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Title: New approaches and applications in electrochemical scanning probe microscopy
Author: McKelvey, Kim Martin
ISNI:       0000 0004 2748 8528
Awarding Body: University of Warwick
Current Institution: University of Warwick
Date of Award: 2012
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This thesis is concerned with the development of new electrochemical scanning probe techniques and the application of these to biological problems. These techniques allow high resolution quantitative investigations of surface processes through measurements at a precisely placed electrode probe. A new technique, called intermittent contact scanning electrochemical microscopy, which allowed the probe-surface distance to be decisively determined through the physical interaction of the probe with the surface was developed. Separately, a new type of dual electrode probe was developed and characterised, and a new instrument (including both hardware and software) capable of a wide range of electrochemical imaging modes was developed with wide applications. The quantitative analysis of the electrochemical signal, typically measured at the probe, requires understanding the mass transport between the probe and the surface. Finite element modelling was used extensively throughout to solve the mass transport problem and therefore quantitatively analyse experimental results. Intermittent contact scanning electrochemical microscopy was used to quantify the mass transport through a porous biological membrane, dentin, that separates the pulp and enamel in teeth. Oxygen generation and consumption rates during photosynthesis were determined by measuring the local oxygen flux at an electrode placed a precise distance above a monolayer of isolated chloroplasts or thylakoid membranes. Finally, the new dual electrode probe was used to measure the reduction of an artificial electron acceptor by isolated thylakoid membranes.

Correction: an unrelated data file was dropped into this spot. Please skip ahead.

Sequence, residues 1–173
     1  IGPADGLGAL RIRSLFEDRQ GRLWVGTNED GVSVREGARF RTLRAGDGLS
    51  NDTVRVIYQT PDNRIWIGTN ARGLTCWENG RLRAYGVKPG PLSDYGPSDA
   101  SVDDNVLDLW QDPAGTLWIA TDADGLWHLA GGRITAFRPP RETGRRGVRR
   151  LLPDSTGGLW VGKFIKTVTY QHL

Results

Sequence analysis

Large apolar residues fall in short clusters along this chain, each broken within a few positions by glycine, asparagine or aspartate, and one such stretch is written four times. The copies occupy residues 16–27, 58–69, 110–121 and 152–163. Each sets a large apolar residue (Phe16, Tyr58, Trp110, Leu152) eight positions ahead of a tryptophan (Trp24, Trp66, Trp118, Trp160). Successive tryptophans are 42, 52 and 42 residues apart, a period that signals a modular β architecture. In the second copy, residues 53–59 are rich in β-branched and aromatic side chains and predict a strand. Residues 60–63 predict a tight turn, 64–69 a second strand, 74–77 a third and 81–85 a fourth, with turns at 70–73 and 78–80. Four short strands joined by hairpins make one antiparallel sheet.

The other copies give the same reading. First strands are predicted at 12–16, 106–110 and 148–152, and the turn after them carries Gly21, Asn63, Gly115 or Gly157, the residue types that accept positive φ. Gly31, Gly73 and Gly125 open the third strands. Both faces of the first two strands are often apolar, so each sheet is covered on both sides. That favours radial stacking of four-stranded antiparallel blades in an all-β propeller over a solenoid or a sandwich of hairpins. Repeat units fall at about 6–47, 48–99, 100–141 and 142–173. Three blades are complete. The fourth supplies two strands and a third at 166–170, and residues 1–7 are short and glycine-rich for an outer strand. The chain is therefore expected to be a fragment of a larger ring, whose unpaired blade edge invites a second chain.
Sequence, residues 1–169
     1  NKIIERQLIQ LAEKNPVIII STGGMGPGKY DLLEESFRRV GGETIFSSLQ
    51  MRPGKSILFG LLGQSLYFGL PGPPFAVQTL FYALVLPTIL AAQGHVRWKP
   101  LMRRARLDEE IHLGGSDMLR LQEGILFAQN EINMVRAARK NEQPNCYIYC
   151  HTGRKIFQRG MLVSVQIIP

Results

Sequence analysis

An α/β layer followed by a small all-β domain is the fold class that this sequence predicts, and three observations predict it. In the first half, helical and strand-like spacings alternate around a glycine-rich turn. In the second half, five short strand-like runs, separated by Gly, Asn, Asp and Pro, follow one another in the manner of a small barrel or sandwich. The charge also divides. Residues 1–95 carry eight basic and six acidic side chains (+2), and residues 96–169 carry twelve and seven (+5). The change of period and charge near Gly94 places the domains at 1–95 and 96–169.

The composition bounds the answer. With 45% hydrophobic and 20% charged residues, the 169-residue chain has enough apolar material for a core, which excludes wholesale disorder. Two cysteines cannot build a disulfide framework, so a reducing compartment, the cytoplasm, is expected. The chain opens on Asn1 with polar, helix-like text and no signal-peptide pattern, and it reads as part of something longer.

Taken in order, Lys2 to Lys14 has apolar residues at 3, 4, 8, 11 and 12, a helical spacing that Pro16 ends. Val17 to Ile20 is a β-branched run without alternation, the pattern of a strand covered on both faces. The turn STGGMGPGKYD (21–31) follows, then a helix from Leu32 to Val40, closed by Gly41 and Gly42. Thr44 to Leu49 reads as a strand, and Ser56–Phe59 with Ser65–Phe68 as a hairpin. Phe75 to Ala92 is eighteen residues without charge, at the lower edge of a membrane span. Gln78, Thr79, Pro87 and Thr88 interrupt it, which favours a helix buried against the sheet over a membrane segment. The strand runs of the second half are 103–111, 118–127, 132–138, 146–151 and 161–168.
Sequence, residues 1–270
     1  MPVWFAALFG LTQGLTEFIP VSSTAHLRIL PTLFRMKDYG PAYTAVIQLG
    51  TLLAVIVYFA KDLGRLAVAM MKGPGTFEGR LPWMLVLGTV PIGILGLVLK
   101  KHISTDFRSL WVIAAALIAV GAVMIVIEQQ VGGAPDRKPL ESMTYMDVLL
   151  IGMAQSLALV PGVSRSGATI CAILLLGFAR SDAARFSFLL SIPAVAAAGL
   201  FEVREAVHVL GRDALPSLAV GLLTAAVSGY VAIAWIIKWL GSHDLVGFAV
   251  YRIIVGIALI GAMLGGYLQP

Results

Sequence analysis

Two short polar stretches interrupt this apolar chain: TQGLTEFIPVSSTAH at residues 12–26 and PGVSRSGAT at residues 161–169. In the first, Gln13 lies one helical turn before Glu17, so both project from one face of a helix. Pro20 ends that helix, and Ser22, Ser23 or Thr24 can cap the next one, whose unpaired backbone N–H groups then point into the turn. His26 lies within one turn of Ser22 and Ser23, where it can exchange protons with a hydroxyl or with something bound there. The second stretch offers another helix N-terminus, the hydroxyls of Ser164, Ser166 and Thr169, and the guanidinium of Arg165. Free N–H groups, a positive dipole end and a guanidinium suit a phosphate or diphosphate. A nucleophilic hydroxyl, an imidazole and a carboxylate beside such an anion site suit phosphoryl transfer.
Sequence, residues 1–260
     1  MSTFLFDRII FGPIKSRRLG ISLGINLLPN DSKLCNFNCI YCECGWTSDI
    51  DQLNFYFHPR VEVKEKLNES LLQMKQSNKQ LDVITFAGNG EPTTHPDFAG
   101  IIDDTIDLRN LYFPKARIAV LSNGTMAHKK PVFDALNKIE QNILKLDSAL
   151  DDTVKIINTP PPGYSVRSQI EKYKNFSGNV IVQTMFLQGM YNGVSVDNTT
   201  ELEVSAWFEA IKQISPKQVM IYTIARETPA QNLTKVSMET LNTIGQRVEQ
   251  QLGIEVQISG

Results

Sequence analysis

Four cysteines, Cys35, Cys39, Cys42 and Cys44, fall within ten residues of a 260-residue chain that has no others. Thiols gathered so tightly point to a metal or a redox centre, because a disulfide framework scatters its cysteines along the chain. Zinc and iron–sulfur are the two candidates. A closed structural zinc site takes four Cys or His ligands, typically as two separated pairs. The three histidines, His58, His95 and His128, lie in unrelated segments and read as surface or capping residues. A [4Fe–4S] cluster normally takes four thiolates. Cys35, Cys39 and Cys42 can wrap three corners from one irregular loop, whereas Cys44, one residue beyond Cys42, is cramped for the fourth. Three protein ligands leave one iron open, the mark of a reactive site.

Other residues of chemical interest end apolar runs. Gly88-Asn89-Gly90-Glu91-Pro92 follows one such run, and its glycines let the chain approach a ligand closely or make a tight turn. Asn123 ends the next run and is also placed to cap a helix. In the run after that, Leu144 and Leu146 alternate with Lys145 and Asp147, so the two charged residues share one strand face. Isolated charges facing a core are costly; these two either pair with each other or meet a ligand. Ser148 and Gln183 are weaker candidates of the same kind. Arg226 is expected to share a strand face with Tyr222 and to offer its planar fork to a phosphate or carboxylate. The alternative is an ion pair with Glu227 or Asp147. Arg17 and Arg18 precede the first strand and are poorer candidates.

Supervisor: Not available Sponsor: Engineering and Research Sciences Research Council (EPSRC) ; Molecular Organisation and Assembly in Cells, University of Warwick
Qualification Name: Thesis (Ph.D.) Qualification Level: Doctoral
EThOS ID:  DOI: Not available
Keywords: QH301 Biology